On the other hand, James Armistead, a black slave, volunteered to be a spy for George Washington in the American Revolution, because as James Armistead described the way things were at that time, slaves were viewed as “not being there”, so people said and did things in front of them that they would never have said or done in front of other people. I personally consider James Armistead to be an American Hero. Without his help, the American Revolution might have turned out differently.

(1913 Webster) Definition of Blackmail: To extort money from by exciting fears of injury other than bodily harm, as injury to reputation, distress of mind, etc.; as, to blackmail a merchant by threatening to expose an alleged fraud.

According to Wikipedia, the origin has to do with raiders in England (aka, protection money) (1829). The slave trade act was established in 1807 and the Slavery Abolition Act was in 1833.

Given the history of slavery in England and the history of the word, it is very unlikely that blackmail has anything to do with black-skinned people.

From a technical perspective, it is just a simple text replacement.

Master and Slave in data nodes

MySQL, is a major opensource database that is used by WordPress, MediaWiki, and almost every other opensource project on the internet. It was first released with replication in May 2000. At that time, MySQL used the words “MASTER” and “SLAVE”. MASTER was the main database and SLAVE was the replicated database.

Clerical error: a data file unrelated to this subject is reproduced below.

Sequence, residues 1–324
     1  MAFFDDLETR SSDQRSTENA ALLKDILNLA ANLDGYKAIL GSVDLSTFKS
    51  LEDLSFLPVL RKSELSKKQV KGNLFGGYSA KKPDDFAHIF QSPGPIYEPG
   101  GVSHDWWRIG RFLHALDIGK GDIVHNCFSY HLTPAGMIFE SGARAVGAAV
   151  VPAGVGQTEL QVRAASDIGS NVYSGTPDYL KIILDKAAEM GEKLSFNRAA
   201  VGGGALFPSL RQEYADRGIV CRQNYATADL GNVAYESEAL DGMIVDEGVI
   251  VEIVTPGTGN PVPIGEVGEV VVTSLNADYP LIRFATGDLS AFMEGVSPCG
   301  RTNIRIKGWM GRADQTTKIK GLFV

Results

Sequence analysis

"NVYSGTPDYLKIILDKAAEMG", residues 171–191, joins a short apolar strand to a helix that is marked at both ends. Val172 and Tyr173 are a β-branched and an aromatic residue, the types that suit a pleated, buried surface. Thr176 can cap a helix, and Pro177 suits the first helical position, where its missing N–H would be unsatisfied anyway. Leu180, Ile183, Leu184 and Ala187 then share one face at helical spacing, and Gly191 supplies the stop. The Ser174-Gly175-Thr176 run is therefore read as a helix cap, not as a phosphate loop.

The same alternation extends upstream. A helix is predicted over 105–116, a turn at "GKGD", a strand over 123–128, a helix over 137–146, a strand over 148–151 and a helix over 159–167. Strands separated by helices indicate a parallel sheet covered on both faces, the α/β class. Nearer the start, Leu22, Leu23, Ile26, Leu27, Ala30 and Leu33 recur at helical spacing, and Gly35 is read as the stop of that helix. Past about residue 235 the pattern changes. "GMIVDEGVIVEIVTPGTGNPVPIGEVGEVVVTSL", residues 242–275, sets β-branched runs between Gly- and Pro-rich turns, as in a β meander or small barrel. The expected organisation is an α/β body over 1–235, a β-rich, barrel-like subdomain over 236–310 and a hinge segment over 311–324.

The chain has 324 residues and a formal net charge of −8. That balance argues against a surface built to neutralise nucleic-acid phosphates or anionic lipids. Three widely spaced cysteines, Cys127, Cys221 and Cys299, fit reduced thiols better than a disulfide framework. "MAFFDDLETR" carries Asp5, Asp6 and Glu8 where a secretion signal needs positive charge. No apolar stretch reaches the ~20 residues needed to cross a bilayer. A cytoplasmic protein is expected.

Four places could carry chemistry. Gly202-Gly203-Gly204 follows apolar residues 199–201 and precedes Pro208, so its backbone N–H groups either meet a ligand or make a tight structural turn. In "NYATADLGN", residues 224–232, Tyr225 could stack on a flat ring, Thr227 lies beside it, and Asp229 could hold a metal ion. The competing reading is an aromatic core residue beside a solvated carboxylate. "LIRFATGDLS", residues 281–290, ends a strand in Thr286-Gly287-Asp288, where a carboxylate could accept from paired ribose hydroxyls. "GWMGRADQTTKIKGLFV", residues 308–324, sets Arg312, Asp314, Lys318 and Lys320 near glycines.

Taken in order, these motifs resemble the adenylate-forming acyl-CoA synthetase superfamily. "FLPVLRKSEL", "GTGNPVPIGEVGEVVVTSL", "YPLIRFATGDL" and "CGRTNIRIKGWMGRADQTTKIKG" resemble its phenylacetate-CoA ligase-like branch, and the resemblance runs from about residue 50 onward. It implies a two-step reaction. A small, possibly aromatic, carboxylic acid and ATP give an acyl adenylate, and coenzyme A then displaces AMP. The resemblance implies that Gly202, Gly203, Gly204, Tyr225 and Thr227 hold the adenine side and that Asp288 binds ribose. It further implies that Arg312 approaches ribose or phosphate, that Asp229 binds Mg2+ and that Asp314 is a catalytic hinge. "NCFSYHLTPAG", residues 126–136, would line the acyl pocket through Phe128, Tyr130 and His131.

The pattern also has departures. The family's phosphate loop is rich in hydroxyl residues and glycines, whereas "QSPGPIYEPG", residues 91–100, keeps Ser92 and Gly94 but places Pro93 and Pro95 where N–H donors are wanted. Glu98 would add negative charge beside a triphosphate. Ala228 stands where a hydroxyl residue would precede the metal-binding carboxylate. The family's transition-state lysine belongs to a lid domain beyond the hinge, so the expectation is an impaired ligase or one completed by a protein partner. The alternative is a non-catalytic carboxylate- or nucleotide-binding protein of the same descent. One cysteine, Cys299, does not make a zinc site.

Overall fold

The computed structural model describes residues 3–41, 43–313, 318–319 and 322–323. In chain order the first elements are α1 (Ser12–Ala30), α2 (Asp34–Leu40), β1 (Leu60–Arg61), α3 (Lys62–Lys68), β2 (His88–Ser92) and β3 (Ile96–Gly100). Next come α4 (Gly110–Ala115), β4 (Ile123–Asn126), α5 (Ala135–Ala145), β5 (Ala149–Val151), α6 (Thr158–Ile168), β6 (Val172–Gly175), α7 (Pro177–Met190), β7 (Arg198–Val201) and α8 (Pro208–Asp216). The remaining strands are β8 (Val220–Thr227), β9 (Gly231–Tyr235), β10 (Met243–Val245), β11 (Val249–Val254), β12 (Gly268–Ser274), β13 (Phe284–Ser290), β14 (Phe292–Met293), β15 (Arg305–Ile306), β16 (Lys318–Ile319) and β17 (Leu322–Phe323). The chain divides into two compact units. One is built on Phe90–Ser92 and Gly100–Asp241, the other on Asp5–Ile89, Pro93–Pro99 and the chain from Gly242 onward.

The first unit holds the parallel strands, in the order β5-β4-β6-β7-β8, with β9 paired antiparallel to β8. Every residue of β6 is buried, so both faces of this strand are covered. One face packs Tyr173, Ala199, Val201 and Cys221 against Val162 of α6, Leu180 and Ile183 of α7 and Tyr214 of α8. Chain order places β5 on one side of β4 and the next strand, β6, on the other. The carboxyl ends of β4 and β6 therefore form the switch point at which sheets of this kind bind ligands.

Most people would agree that they were not the best words to use.

  • Old: Master, New: Source
  • Old: Slave, New: Replica
  • Old: Blacklist, New: Blocklist
  • Old: Whitelist, New: Allowlist

The problem is not the word. A word is a word is a word. The problem is that everybody else uses different words.

For example, Mediawiki uses DB_PRIMARY (for “master” or “write actions”) and DB_REPLICA (for “slave” or “read actions”).

MySQL does not use PRIMARY, because it does not imply a role. “Each replication configuration has a source and does not imply what role a server should have in the overall database architecture. Therefore, the use of e.g. “primary” does not fit, especially when replication is used to build database architecture topologies including bi-directional replication, multi-tiered replication, or even circular replication.” (from

Also, the government document gives suggestions for replacement:

  • main/secondary
  • primary/secondary
  • primary/replica
  • host/target
  • leader/follower
  • orchestrator/worker
  • initiator/responder

This also includes source control systems. For example, GitHub used to use “master” branch to indicate their main branch. Now they use “main” branch to indicate the main branch. GitLab is the same. Originally, the main branch was called “master” and new branches are called “main”.